Reminiscent of apartheid that occurred Africa and USA 70 years ago. We should rid Hong Kong of these segmentation based on birth polices (truly is born with golden spoon rules that steal fromt he people of Hong Kong)
sman
Apartheid ? You have no idea what that is.
More like ethnic cleansing.
But by the British government who let a flood of mainlanders in (and those are now 'Hong Kongers) so there were no jobs for the locals.
Have you ever asked why they are "long disconected decedents [sic]" left. Its because they were pushed out because of this "mainlanders" flood. And then the government stole their land by paying a pittance for land resumption and not letting them build outside their village zones. If we owned much of central London, we would be fabously wealthy - as it is only some (not all indigenous villagers) who have land within the village zones are money, and ever fewer wealthy because of it.
Maybe it should not be based on birth policy. We should've allowed all who own the land to do what they want. The villagers would've then built on the land themselves or sold it at fair market value to these immigrants. But the government did not allow this as they wanted the money for themselves. HK is one of the few places in the world where you pay so much tax to build.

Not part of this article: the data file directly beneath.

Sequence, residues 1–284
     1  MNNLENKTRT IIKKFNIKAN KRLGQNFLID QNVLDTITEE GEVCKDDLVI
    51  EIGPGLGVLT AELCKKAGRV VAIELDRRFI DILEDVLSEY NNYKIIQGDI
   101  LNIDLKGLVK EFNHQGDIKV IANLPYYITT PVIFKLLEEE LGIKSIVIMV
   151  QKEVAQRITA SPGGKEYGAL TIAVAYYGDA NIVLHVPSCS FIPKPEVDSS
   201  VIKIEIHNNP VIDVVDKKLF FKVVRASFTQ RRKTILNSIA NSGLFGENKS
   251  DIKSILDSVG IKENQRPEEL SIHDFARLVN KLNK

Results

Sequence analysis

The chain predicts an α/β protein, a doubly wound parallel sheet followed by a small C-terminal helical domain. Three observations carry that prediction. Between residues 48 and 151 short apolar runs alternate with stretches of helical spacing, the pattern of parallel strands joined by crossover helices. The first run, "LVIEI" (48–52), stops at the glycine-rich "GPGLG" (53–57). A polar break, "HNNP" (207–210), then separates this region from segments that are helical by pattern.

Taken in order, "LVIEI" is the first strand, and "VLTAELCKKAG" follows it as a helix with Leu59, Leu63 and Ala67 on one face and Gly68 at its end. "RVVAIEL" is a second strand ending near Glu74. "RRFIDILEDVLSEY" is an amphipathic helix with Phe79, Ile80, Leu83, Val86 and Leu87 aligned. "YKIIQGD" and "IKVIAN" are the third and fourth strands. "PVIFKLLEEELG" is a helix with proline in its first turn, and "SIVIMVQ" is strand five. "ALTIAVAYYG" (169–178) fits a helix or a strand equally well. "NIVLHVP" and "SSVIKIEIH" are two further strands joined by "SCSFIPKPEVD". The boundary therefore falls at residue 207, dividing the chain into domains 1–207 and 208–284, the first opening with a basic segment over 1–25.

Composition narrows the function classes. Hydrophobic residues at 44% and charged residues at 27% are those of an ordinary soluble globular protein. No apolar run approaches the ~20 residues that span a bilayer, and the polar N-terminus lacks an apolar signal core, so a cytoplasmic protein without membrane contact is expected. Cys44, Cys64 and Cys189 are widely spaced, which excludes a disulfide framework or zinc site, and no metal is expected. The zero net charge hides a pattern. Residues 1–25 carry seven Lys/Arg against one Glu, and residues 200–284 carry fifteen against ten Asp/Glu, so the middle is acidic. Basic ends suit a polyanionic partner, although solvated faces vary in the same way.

Please try to understand the others perspective/history before you use words like apartheid. But again you are another "Hong Konger" who cries unfair at everything.
whyso
Why doesn't the government speed up the permits to allow decrepit, unused factory buildings in old industrial areas to be used for residential purposes? Instead of touching the country parks, converting land use in industrial areas will definitely help alleviate the demand for housing. Hong Kong is already a huge squeeze and our quality of life goes down as over-crowding intensifies everywhere. Our country parks are the one place where we can breathe clean air and more importantly, find peace and quiet. If the building encroachment starts, there will be no end to the spread of concrete, high-rises and bad traffic. Leave the country parks alone and don't let the "cancer" start.